Data & Intelligence

Koalas are better than Pandas (on Spark)

Watercolor Koala And Panda Sitting On The Tree.

I help companies build out, manage and hopefully get value from large data stores. Or at least, I try. In order to get value from these petabytes-scale datastores, I need the data scientists to be able to easily apply their statistical and domain knowledge. There’s one fundamental problem: large datasets are always distributed and data scientists work on single-machine datasets. With pandas. Always.

Most data scientists take pandas for granted. Loading a csv file into a dataframe using pandas may have been their first line of code ever. But pandas is a single-node library. This means it runs on the driver in a spark cluster rather than all the worker nodes. So it doesn’t scale. Then it becomes my job to try to take their pandas away.

Typically, I try to convince them that PySpark is really easy and does everything that pandas can do, but it can do it distributed across all the nodes. A statement both true and unconvincing. The unfortunate result is typically a stalemate and turns a once promising initiative into a science project. My position was their code just needed some small rewrites in order to work. Their position was their existing code not only needed to be rewritten, but all future code would need to be written using an unfamiliar tool. In the case of a draw, the status quo rarely wins. And I get that. But I’ve seen enough successful large scale data deployments to know the gain in value and insight more than outweigh the short-term pain.

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All that’s behind me now.

pip install koalas 

import databricks.koalas as ks

Getting past pandas

I am a big fan of Databricks. I like their platform but I am passionate about open-source code that makes my life measurably easier. They have more than one project like this, but I’m talking about Koalas. Koalas is an (almost) drop-in replacement for pandas. There are some differences, but these are mainly around he fact that you are working on a distributed system rather than a single node. For example, the sort order in not guaranteed. Once you are more familiar with distributed data processing, this is not a surprise.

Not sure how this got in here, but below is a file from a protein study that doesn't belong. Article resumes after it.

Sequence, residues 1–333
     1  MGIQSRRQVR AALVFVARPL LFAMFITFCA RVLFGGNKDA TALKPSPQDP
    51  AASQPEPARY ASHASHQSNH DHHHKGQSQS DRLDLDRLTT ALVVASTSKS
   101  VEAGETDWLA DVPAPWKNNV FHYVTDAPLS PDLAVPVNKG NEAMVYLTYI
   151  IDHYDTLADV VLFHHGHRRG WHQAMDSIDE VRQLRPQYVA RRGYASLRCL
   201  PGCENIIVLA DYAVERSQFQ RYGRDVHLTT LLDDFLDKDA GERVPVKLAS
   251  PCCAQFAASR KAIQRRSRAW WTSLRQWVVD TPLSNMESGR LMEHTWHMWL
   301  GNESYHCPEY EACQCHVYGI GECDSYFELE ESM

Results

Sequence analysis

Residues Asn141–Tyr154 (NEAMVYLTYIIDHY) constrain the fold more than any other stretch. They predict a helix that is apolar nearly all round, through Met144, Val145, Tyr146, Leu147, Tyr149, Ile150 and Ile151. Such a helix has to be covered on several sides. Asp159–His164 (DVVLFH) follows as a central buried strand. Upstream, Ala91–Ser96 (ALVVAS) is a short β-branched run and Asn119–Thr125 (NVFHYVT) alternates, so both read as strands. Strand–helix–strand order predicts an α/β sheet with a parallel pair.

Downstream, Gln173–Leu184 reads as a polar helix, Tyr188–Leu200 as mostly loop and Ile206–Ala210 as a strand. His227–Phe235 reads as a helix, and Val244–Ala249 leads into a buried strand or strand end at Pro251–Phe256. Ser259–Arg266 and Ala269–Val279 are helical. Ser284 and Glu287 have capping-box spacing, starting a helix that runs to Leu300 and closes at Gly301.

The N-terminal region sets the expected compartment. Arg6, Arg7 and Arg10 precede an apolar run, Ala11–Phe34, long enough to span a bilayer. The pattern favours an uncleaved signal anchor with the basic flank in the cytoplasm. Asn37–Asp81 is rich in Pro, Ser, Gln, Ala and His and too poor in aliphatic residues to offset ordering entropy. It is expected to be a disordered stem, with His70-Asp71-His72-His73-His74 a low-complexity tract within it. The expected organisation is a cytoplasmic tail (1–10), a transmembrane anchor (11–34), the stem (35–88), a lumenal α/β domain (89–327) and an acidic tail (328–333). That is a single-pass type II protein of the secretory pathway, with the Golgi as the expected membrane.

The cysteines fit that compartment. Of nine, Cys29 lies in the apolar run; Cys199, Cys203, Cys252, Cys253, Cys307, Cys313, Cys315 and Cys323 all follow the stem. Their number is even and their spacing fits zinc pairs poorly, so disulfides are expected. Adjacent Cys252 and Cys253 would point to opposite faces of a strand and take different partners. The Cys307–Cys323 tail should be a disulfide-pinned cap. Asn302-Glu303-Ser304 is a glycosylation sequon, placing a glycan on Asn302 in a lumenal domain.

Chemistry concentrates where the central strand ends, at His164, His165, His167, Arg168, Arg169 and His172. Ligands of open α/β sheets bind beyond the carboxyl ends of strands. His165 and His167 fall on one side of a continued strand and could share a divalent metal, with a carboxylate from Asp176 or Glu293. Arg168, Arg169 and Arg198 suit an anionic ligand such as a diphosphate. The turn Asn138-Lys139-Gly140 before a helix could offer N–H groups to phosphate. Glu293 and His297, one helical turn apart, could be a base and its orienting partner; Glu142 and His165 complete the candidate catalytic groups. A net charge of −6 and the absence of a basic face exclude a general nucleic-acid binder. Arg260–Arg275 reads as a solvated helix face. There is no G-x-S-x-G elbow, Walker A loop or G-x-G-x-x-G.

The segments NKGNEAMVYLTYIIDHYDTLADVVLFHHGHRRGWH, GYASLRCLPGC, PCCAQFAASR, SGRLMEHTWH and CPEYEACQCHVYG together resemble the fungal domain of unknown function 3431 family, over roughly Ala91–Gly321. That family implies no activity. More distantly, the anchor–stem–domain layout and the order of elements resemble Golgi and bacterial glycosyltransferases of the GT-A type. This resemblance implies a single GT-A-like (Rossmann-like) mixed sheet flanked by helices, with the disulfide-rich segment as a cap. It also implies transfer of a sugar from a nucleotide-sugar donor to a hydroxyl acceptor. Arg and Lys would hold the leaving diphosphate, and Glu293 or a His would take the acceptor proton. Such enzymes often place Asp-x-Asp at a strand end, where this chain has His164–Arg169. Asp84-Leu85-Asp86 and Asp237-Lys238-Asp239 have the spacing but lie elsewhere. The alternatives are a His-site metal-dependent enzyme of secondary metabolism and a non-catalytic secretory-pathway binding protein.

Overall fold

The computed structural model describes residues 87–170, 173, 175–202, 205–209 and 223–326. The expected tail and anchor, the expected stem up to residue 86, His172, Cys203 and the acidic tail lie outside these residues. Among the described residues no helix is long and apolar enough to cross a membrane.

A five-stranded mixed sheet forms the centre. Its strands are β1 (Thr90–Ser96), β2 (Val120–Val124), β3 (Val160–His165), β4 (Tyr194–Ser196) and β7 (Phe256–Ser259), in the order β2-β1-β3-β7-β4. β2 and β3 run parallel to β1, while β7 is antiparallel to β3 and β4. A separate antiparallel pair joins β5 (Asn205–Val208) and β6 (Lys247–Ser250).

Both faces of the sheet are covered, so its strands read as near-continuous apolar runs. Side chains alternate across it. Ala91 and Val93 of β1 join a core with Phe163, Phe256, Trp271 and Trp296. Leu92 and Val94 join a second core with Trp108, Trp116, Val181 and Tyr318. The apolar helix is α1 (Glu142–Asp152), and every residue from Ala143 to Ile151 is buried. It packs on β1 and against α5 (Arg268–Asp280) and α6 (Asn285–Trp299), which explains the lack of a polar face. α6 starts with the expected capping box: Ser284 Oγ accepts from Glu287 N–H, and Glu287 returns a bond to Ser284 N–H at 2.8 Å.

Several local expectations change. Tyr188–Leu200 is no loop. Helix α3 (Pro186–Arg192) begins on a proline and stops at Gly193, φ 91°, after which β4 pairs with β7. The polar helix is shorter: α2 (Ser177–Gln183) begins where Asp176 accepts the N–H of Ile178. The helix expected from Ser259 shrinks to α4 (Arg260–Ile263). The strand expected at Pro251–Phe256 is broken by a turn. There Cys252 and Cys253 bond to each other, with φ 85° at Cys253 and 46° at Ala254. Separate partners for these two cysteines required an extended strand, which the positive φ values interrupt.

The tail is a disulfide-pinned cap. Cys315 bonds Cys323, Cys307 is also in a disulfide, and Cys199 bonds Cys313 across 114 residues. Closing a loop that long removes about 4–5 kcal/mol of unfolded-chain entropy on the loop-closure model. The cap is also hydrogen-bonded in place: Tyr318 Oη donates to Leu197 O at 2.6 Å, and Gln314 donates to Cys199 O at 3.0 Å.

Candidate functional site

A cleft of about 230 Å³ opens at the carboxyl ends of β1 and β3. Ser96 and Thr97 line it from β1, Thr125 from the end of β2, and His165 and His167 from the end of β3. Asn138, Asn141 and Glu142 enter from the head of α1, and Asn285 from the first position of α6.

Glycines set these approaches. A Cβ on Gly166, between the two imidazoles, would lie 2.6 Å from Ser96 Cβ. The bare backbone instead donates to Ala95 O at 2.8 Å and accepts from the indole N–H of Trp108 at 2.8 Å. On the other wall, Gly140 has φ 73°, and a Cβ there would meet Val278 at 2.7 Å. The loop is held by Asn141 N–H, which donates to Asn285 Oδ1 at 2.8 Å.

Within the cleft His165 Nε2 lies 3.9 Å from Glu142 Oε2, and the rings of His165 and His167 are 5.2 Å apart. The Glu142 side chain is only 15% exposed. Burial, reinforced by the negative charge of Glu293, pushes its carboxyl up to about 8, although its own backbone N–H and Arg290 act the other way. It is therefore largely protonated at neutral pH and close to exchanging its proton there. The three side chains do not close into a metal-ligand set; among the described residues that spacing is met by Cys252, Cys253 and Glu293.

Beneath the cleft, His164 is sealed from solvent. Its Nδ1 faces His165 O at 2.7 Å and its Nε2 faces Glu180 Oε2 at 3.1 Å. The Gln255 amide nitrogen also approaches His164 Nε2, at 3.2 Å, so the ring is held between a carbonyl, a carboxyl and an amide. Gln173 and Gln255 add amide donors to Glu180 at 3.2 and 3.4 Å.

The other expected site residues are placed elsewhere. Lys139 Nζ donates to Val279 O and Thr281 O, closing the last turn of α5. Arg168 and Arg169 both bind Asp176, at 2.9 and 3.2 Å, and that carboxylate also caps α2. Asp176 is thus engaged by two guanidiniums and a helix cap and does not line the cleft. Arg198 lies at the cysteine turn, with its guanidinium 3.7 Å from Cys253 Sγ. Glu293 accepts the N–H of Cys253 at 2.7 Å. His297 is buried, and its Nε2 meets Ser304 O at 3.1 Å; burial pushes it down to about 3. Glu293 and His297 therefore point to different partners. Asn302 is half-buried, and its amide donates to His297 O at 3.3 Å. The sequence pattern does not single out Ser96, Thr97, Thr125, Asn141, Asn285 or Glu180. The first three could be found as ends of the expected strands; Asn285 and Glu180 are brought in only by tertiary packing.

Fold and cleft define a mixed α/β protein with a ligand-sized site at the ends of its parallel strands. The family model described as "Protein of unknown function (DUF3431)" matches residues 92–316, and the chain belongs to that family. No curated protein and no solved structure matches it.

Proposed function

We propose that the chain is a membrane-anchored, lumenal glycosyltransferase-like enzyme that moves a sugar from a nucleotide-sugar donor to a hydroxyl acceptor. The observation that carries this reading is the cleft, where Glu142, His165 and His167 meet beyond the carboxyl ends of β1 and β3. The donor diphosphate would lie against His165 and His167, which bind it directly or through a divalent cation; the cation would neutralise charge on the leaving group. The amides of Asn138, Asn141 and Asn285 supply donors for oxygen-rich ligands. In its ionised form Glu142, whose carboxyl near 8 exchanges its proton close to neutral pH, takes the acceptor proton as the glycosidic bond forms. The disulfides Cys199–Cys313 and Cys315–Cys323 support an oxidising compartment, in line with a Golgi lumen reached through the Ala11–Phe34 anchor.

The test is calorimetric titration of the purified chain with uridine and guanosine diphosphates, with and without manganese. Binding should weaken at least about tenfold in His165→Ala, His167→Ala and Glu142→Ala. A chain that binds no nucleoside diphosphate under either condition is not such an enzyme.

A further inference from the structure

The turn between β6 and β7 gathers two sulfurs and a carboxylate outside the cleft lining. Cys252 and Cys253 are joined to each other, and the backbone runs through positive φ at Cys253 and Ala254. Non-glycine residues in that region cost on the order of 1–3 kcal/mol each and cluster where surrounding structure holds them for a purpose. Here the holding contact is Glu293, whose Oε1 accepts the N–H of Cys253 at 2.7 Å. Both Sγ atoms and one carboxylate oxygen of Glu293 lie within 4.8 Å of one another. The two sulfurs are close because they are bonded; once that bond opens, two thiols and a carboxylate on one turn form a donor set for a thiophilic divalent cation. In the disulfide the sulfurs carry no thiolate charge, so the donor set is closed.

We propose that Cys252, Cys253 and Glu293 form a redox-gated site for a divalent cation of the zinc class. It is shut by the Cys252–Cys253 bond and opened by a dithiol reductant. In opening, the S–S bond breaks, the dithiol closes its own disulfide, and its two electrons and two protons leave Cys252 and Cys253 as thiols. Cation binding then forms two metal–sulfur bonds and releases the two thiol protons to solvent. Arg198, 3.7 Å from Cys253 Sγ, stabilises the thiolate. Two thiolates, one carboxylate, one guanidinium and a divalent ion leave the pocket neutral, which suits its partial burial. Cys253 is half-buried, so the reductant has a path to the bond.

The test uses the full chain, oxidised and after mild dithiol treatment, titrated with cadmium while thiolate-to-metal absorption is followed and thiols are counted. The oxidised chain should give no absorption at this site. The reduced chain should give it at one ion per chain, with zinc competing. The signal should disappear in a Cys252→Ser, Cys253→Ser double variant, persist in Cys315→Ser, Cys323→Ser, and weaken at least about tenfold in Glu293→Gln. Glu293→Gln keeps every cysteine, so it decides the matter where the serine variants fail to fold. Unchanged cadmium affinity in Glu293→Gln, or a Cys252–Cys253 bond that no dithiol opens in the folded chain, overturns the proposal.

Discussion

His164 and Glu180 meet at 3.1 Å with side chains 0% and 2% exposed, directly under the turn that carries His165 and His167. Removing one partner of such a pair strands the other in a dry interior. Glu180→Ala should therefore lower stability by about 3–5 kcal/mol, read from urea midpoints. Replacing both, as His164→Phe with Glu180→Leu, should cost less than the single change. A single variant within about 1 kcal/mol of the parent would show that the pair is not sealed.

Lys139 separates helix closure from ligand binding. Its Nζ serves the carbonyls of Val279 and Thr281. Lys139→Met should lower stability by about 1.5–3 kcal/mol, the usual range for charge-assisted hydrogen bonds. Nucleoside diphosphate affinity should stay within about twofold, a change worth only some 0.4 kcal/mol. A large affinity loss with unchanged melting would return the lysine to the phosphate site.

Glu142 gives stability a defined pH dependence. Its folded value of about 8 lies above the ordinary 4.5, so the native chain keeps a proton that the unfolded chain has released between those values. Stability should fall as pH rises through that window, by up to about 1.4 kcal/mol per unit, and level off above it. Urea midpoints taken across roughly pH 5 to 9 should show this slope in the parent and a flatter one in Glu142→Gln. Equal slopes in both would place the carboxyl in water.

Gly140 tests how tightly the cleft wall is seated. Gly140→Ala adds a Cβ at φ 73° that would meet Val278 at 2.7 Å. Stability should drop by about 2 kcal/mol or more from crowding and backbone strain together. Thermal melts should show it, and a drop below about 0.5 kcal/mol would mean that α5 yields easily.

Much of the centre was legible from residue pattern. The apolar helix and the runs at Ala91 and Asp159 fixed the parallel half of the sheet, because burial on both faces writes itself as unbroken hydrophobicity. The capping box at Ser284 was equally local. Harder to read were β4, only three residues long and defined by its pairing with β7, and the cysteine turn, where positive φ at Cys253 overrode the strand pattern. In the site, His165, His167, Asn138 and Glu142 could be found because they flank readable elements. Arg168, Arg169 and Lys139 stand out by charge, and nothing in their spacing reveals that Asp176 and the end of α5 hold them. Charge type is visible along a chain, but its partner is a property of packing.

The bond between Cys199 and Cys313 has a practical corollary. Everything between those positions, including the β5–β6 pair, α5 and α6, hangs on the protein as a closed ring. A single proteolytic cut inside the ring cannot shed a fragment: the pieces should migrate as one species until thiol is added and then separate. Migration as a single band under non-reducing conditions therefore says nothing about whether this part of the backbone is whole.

The point is, now people can become familiar with distributed data processing.

PySpark is still the best tool to use to develop Spark applications in Python. However, data scientists were wasting cycles needlessly learning a new library that didn’t directly bring any value. By providing a drop-in replacement for their most common data management tool, we can short-circuit a frustrating and fruitless conversation and start getting to work.

Getting started

Just go play with it here.

About the Author

As a solutions architect with Perficient, I bring twenty years of development experience and I'm currently hands-on with Hadoop/Spark, blockchain and cloud, coding in Java, Scala and Go. I'm certified in and work extensively with Hadoop, Cassandra, Spark, AWS, MongoDB and Pentaho. Most recently, I've been bringing integrated blockchain (particularly Hyperledger and Ethereum) and big data solutions to the cloud with an emphasis on integrating Modern Data produces such as HBase, Cassandra and Neo4J as the off-blockchain repository.

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